# Ngô Quốc Anh

## November 8, 2011

### A blowup proof of the Aubin theorem in the Yamabe problem

Filed under: PDEs, Riemannian geometry — Tags: — Ngô Quốc Anh @ 13:29

Yamabe’s approach was to consider first the perturbed functional

$\displaystyle Q_s(u)\doteqdot\frac{\displaystyle\int_M\Big(|\nabla u|^2+\frac{n-2}{4(n-1)}R_gu^2\Big)d\mu_g}{\left(\displaystyle\int_M|u|^sd\mu_g\right)^\frac{2}{s}}$

where

$\displaystyle s\in \left(0,\frac{2n}{n-2} \right] \quad \text{ and } \quad u\in H^1(M)\setminus\{0\}.$

Set

$\displaystyle \lambda_s\doteqdot\inf\big\{Q_s(u):u\in H^{1}(M)\setminus\{0\}\big\}\quad\text{and}\quad Y(M)=\lambda_{2^*}.$

By using a direct minimizing procedure, it can be shown that for $2 < s < 2^*$, there exists a smooth positive function $u_s$ such that its $L^s$-norm is equal to one, $Q_s(u_s) = \lambda_s$, and $u_s$ satisfies the equation

$\displaystyle \Delta_gu_s-\frac{n-2}{4(n-1)}R_gu_s+\lambda_su^{s-1}_s=0,\quad \text{in}\;M.$

The direct method does not work when $s=2^*$ because the Sobolev embedding $H^1(M) \hookrightarrow L^{2^*}(M)$  is continuous but not compact. However, if one can show that $u_s$ is uniformly bounded, i.e. there exists a positive constant $c$ such that $u_s \le c$ in $M$ for $2 < s < 2^*$, then there exists a sequence $\{s_i\} \subset (2, 2^*)$ such that and $u_{s_i}$ converges to a smooth positive function $u$ which satisfies the Yamabe equation .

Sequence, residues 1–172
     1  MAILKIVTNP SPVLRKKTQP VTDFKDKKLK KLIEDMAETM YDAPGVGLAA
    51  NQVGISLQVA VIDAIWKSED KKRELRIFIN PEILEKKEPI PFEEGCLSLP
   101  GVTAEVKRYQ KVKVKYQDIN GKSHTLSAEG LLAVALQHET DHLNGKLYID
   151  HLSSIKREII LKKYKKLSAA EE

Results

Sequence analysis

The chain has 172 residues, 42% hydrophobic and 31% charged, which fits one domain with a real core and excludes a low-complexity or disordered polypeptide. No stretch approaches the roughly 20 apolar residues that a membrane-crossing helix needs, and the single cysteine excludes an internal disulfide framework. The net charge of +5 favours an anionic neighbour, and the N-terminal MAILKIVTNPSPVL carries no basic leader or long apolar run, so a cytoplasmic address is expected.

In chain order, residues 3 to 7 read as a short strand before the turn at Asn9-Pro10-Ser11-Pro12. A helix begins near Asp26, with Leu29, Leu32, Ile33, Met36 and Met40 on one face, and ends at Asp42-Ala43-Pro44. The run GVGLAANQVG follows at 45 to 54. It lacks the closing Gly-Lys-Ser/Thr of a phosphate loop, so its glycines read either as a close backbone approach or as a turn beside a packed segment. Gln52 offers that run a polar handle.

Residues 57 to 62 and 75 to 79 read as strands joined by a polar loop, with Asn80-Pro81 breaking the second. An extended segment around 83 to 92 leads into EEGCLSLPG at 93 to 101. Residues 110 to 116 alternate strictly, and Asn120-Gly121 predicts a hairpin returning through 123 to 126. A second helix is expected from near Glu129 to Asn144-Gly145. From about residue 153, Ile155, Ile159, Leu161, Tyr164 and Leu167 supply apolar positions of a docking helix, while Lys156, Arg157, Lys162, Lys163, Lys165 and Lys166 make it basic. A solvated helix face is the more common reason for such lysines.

We discuss a blow-up argument. Suppose that no such upper bound $c$ exists. It follows that there exist sequences $\{s_k\} \subset (2, 2^*)$ and $\{y_k\} \subset M$ such that

$\displaystyle s_k\to 2^*\quad\text{and}\quad m_k\doteqdot u_{s_k}(y_k)=\max u_{s_k}\to\infty,\quad \text{ as } k\to\infty.$

As $M$ is compact, we may assume that $y_k \to y_0$ as $k \to\infty$. For a normal coordinate system centered at $y_0$ and with radius $\rho$, let the coordinates of $y_k$ be $x_k$, $k \geqslant 1$. In the local coordinates,

$\displaystyle g_{ij}(x)=\delta_{ij}+O(\rho^2),\quad \det g=1+O(\rho^2).$

From the equation, we know that $u_{k}=u_{s_k}$ satisfies

$\displaystyle \frac1{\sqrt{\det g}}\partial_j\Big(\sqrt{\det g}g^{ij}\partial_iu_{k}\Big)-\frac{n-2}{4(n-1)}R_gu_{k}+\lambda_ku^{{s_k}-1}_{k}=0,\quad \text{ in }\;B_0(\rho).$

The idea here is to consider the normalized function

$\displaystyle v_k(x)\doteqdot\frac{u_k(\delta_kx+x_k)}{m_k}$

where $\delta_k=m_k^{(2-s_k)/2}$. We have $x_k \to 0$ and $\delta_k \to 0$ as $k \to\infty$. Here $v_k$ is defined on a ball in $\mathbb{R}^n$ of radius $\rho_k = \frac{\rho-|x_k|}{\delta_k} \to\infty$ as $k\to\infty$. Obviously,

$\displaystyle \frac{{{m_k}}}{{{\delta _k^2}}}\frac{1}{{\sqrt {\det g} }}{\partial _j}\left( {\sqrt {\det g} {g^{ij}}{\partial _i}{v_k}} \right) = \frac{{\frac{{n - 2}}{{4(n - 1)}}R({\delta _k}x + {x_k})m_k^{2 - {s_k}}{v_k}(x) - {\lambda _k}{v_k}{{(x)}^{{s_k} - 1}}}}{{m_k^{1 - {s_k}}}}.$

Under the choice of $\delta_k$, we have